I played around with your site and was surprised how well it already worked, certainly better than I would have expected.
The car routing worked very well. I guess on tracks with grade1 you are looking for explicit access: vehicle, motor_vehicle, motorcar, which is a good thing because many tracks are in reality only accessible for forestry or agriculture, they are just not marked accordingly yet.
The bike routing worked well within your specs too, I liked the fact that it can deal with start or end points on paths, which would be unsuitable (sac_scale) and avoided otherwise. However I found that if you chose your start or end point on such a path, the routing doesn't seem to take the shortest path to more acceptable highways, but seems to continue longer than necessary on unacceptable paths, if that makes for a shorter route.
In general, I agree with you that the "Bike" and the "Foot" Profiles could use more differentiation. On a racing bike with thin tires, even a bumpy grade1 track can be rather irritating, on a city or a trecking bike, tracks up to grade2 two shouldn't be a problem, same for paths with asphalt and gravel if they are not explicitly prohibited. And for mountain bikes, well, track grade3 or surface=ground is where the fun just starts.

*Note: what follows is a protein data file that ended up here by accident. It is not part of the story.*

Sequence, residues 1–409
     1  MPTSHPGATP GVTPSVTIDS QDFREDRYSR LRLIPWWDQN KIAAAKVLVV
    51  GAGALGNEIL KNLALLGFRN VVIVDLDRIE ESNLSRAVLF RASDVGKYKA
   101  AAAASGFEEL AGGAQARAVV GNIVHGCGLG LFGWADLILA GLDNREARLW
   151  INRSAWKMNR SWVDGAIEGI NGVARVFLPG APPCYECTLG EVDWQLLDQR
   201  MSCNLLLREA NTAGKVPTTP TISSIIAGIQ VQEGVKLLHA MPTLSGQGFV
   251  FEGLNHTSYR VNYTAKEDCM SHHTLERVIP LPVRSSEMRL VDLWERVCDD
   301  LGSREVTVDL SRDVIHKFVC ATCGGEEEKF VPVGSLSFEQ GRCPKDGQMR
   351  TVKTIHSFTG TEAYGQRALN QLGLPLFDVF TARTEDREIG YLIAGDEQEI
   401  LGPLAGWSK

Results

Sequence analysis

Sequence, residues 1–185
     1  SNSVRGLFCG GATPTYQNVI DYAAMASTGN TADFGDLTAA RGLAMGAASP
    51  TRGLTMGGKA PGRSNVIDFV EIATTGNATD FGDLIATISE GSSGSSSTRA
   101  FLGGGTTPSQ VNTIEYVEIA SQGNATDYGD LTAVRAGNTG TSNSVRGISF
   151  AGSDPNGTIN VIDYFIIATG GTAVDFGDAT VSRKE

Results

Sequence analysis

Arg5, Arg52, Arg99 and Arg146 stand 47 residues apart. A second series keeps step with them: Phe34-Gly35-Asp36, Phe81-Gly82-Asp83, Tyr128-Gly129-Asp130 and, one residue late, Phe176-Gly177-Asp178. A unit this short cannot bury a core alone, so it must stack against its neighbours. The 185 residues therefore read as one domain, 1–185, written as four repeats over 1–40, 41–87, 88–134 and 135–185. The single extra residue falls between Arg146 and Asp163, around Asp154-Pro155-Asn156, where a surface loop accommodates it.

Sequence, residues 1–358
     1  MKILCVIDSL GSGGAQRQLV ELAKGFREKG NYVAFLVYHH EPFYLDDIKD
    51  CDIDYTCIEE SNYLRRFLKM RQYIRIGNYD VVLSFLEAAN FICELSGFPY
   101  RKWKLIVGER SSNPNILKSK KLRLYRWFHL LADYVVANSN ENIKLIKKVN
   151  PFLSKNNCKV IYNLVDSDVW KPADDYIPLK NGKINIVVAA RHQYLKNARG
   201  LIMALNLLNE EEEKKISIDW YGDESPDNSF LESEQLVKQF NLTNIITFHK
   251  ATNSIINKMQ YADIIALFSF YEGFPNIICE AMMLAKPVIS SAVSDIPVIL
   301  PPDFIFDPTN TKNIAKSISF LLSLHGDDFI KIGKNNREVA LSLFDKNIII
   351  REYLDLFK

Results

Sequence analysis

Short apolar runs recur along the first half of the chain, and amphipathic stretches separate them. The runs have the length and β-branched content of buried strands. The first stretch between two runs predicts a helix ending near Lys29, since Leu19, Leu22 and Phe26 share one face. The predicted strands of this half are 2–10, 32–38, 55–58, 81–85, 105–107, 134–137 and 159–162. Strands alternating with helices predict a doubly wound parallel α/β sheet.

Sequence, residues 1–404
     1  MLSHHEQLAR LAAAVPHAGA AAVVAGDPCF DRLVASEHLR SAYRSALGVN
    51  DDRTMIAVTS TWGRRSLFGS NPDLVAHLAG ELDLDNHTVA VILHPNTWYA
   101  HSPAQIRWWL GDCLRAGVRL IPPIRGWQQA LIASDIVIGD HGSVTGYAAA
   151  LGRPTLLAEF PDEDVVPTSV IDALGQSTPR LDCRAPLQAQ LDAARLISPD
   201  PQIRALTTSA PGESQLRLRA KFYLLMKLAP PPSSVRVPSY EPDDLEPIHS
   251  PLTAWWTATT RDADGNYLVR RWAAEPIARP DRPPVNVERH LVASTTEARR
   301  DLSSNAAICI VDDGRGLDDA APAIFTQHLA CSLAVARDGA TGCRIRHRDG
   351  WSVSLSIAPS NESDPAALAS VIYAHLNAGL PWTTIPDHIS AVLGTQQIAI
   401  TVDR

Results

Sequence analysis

So for racing bikes, you probably want to avoid surface!=asphalt, sac_scale=*, mtb:scale=* or trail_visibility=* in general. For city and trecking bikes surface gravel/paved/concrete/cobblestone should be fine, but everything with an sac_scale>hiking, an mtb:scale>0 or trail_visibility<excellent should be off limits. And most mountain bikers wouldn't have a problem with any grade of track, mtb:scale<=1 and trail_visibility>=good, many of them would accept or even search for more challenging conditions.
On foot, I would distinguish between hiking and walking around in a city. For the latter, I'd prefer surface asphalt/gravel/paved/concrete/cobblestone and avoid grass or ground (and probably sac_scale=hiking too).
Thanks a lot for your website and best regards,